Recently, I made a major change in my life and this meme pretty much sums it up. With each *experience* in my life, I learn a tiny bit more about the difference between having things in common with someone versus true, rich and fulfilling emotional availability. Having both is nice, but without the latter, you’re not going to wind up happy.
I knew a couple, happily married for about a decade, who fought like cats and dogs every weekend. He loved to watch football (at home, with friends, various settings etc) and she couldn’t stand it. They were like night and day when it came to their feelings about the sport. So, every Friday, the argument would begin to escalate, snarky comments about her “Sunday being ruined” and his having to “listen to her nag about the game”. By Sunday evening, both people were miserable and not speaking to each other.
They wound up not divorcing or splitting up, which surprised me. I never asked how they resolved things, but one day she came to me and told me how. She realized one day that she would have two choices when it came to football. She would have to be understanding and realize that this is something he loved. He didn’t love antique shopping, but she loved it dearly. So, instead of nagging him on Sunday, she would make plans to either have a girl’s day out, shopping for antiques and eating lunch, or otherwise make plans that allowed them to BOTH enjoy their hobbies.
Imagine that: COMPROMISE. They both “got their way” and on Sunday evening, they had something to talk about. He would be in a good mood after relaxing with friends watching the game and she was rested and happy after a fun day with the girls. They were both able to be emotionally available to each other after reconnecting that evening. She could be supportive of his hobby and he could also in return. So, it’s possible to not have things in common and still have a close, emotional attachment and availability with someone.
In my case, the situation I dealt with had more to do with having things in common, but a very one-sided emotional availability. As the giver of emotional support and never receiving proper, mature emotional support in return, only having things in common will not have the strength required to maintain a healthy and productive interaction/relationship/friendship. It passes time and provides diversion, but having things in common alone cannot carry a relationship. Liking the same shows, sports, hobbies and the like is NOT enough on its own.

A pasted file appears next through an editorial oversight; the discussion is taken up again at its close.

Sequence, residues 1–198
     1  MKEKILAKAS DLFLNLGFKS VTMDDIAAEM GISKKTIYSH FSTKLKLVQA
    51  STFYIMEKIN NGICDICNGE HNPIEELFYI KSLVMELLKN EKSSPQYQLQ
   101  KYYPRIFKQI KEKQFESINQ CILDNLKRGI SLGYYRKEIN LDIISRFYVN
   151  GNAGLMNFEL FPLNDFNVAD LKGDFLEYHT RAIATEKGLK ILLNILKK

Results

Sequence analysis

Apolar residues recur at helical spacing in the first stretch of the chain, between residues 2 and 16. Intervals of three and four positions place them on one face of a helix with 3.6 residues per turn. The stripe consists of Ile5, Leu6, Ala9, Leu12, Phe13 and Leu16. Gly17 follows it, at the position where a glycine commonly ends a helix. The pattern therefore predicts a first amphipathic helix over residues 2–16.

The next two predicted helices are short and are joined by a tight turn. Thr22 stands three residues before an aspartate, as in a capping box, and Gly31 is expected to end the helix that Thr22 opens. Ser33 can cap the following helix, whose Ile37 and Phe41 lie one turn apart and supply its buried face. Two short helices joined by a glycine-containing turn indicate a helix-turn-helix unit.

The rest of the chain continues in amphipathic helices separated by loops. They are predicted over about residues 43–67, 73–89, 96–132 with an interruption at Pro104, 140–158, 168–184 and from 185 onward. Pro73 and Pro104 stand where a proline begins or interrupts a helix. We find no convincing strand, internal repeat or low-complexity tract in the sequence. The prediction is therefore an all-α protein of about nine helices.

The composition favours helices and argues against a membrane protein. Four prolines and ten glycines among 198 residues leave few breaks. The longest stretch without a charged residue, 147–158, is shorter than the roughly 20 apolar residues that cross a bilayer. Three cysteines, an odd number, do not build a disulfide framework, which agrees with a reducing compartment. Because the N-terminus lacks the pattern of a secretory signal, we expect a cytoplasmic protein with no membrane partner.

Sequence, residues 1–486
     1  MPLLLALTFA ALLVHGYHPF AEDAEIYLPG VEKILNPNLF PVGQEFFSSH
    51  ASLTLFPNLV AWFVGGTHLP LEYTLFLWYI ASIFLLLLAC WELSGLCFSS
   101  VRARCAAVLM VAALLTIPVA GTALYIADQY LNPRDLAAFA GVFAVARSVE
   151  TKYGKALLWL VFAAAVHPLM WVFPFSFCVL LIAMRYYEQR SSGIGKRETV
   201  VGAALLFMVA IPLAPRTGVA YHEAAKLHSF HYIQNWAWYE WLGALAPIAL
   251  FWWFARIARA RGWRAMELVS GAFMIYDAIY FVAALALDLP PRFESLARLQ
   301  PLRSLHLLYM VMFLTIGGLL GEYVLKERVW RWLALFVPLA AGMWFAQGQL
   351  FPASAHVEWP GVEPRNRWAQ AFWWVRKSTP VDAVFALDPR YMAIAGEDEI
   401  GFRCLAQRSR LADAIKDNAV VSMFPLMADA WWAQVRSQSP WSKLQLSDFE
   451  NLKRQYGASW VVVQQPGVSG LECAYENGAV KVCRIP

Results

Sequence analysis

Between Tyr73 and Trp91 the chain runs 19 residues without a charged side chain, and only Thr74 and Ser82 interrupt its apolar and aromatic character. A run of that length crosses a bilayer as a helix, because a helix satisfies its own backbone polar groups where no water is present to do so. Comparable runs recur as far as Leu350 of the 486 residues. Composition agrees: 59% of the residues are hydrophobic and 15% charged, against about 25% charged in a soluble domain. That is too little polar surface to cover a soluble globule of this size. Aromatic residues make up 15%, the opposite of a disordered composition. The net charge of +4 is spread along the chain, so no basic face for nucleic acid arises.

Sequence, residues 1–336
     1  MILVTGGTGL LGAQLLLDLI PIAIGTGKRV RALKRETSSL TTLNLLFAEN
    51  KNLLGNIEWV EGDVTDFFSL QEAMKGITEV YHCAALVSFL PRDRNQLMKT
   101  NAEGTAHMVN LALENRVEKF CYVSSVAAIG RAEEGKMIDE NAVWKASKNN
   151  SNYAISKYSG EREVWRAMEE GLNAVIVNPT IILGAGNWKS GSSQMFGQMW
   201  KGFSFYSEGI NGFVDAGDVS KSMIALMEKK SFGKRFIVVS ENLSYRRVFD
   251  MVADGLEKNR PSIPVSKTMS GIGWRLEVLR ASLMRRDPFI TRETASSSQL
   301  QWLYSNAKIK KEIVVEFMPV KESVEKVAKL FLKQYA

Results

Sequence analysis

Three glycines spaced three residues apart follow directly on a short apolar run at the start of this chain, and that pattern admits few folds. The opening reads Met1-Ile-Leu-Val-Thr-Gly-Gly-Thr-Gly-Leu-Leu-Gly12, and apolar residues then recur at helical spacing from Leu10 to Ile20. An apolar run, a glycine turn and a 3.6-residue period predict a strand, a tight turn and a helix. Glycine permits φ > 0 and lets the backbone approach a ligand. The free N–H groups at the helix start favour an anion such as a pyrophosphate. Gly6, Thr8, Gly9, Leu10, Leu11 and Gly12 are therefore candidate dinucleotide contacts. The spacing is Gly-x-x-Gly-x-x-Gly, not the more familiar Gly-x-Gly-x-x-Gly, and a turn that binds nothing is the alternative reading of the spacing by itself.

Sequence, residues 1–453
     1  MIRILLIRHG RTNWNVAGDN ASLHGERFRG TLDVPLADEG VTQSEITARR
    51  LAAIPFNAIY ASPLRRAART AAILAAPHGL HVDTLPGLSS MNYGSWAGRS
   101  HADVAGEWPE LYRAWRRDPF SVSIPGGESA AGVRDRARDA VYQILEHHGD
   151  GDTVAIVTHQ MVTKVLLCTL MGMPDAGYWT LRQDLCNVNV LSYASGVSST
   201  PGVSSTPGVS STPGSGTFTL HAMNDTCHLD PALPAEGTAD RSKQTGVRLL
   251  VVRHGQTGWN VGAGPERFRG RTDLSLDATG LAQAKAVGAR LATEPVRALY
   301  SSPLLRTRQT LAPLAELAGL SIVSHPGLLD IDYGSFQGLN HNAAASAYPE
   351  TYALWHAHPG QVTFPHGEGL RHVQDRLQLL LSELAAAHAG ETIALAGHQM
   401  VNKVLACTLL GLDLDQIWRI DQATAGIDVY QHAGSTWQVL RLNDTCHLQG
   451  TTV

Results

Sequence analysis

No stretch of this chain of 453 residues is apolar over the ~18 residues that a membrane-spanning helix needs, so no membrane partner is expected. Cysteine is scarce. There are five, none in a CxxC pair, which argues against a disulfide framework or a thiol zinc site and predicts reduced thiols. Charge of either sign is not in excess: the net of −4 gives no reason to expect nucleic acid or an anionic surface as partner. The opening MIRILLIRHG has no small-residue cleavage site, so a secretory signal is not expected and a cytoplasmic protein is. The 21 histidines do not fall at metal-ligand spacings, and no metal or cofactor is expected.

There are so many reasons why someone comes into your life who is not emotionally available to you. Their upbringing may have lacked seriously in quality, nurturing and support, leaving someone uneducated and devoid of the skills needed, they may just be selfish by nature and you don’t discover this until it’s too late and YOU’VE become emotionally invested, making it harder to pull away. There are many ways this person could arrive in your life this way.
If you believe that you can change someone, that is where so many people go wrong and wind up miserable and unhappy. When it comes to undesirable behaviors and traits, if someone is ready to become emotionally available with you, they will seek out ways on their own to better themselves. One shouldn’t have to nag someone to shower every day or pick up after themselves. Noticing, respecting and reacting to the emotional cues and needs of your partner is essential to growing respect, quality interaction and happy lives.
Sadly, it can take some people a long time to come to terms with their partner’s unwillingness to change. In a one-sided emotional existence, the person always giving keeps trying, unsuccessfully, to convince the person to change. Once they’ve given up, they find it quite easy to dwell on the time they’ve wasted and eventually come to terms with the fact they are not going to change and you now need to exercise your right to decide how much a part someone will be in your life.
Pardon the language, but I found this to be SO PERFECT for what I’m trying to say. Even the person who refuses to change will go out of their way to defend their ways and even go so far as to start blaming you for wanting too much or expecting perfection. At that point, at least in my personal experience, it’s time to move on. Perhaps one day that person will see the error of their ways and find themselves wanting. However, it really needs to not be your problem anymore.
Sure, you will probably take the time to mull over if you could have done something differently, but in my case, moving on has left me lighter, happier and less stressed over all the little, insignificant things that were making me unhappy. Is it a process? You bet it is and it doesn’t resolve itself overnight, but over time, you will discover that allowing sleeping dogs to lie is the best course of action.